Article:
A Dream Shape

A poem by Madison Julius Cawein

With moon-white hearts that held a gleam
I gathered wild-flowers in a dream,
And shaped a woman, whose sweet blood
Was odour of the wildwood bud.

From dew, the starlight arrowed through,
I wrought a woman's eyes of blue;
The lids that on her eyeballs lay,
Were rose-pale petals of the May.

Out of a rosebud's veins I drew
The flagrant crimson beating through
The languid lips of her, whose kiss
Was as a poppy's drowsiness.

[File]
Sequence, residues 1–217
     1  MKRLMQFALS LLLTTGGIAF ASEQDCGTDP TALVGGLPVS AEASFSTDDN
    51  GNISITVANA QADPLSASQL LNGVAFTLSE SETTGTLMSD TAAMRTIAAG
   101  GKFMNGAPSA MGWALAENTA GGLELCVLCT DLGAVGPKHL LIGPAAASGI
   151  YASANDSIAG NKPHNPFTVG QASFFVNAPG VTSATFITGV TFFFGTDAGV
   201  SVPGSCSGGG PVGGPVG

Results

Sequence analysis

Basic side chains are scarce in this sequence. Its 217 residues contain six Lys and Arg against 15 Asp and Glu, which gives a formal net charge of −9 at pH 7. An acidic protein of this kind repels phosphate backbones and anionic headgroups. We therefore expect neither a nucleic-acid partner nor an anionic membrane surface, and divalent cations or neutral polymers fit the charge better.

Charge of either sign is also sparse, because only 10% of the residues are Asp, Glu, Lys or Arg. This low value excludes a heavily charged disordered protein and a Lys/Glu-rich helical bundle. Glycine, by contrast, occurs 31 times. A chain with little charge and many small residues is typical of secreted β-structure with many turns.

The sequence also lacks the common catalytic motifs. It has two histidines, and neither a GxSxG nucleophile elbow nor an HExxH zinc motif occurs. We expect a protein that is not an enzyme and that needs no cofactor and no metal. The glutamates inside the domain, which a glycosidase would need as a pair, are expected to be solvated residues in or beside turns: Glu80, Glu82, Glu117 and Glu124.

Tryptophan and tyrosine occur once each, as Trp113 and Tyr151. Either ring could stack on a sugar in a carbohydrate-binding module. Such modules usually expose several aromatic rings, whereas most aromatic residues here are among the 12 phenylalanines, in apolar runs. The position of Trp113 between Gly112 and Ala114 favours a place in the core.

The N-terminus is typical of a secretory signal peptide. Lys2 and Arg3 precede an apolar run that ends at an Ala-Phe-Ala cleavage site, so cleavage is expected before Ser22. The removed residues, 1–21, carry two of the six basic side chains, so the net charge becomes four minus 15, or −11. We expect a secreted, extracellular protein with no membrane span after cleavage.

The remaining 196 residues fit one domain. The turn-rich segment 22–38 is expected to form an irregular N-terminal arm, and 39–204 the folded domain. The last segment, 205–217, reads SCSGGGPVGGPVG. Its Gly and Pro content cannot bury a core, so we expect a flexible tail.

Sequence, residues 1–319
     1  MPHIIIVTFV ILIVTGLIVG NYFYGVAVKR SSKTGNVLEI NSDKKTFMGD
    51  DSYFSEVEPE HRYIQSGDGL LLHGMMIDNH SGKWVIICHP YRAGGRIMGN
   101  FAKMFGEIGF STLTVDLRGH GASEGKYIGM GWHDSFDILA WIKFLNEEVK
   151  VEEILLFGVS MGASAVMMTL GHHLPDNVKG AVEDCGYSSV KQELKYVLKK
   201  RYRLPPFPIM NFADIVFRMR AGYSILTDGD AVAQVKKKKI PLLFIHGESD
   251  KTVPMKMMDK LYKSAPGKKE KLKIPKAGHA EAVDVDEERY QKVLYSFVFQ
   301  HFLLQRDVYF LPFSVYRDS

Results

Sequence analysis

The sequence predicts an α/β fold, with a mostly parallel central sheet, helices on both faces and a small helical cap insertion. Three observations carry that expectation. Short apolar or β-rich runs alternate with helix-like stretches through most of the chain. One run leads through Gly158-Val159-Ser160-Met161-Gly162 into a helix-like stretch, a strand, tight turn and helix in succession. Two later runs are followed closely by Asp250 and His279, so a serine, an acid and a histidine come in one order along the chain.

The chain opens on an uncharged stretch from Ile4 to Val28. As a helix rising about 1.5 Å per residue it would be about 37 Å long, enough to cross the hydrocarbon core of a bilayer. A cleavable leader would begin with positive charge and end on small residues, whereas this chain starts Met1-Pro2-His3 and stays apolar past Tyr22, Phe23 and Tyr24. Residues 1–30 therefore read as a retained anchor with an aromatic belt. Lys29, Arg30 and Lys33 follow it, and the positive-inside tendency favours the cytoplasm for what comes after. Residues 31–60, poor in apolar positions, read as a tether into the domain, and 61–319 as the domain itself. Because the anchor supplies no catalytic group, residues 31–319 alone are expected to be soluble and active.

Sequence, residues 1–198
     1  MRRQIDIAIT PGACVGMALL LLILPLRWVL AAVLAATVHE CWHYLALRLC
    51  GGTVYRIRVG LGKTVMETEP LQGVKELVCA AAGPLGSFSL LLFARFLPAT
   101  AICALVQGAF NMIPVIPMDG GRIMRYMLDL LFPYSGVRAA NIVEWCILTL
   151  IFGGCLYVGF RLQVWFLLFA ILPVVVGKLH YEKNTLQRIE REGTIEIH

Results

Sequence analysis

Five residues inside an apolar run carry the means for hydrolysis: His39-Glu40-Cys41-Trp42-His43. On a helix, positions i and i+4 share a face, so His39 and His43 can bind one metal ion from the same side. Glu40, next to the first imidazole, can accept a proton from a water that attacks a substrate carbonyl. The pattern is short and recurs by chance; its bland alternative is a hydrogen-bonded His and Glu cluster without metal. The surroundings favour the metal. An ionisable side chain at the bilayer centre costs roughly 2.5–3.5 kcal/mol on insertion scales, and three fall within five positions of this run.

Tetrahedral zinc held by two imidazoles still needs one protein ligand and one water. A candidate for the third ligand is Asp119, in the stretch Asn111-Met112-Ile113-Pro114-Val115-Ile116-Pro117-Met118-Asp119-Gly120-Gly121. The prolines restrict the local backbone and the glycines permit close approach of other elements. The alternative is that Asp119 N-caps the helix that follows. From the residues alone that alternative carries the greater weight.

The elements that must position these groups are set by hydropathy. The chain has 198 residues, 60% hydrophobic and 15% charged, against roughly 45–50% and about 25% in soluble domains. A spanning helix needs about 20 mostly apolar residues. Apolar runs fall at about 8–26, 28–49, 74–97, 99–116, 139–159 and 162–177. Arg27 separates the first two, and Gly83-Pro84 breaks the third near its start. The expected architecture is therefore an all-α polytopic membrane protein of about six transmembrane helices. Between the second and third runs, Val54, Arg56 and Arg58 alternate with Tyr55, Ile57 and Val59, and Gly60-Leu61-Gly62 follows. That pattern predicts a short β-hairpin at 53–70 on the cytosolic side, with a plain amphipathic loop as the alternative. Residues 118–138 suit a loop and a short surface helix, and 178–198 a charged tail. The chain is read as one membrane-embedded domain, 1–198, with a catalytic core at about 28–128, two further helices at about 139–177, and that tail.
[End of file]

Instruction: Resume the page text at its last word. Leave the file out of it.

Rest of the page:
Out of the moonlight and the air
I wrought the glory of her hair,
That o'er her eyes' blue heaven lay
Like some gold cloud o'er dawn of day.

I took the music of the breeze
And water, whispering in the trees,
And shaped the soul that breathed below
A woman's blossom breasts of snow.

A shadow's shadow in the glass
Of sleep, my spirit saw her pass:
And thinking of it now, meseems
We only live within our dreams.

For in that time she was to me
More real than our reality;
More real than Earth, more real than I
The unreal things that pass and die.

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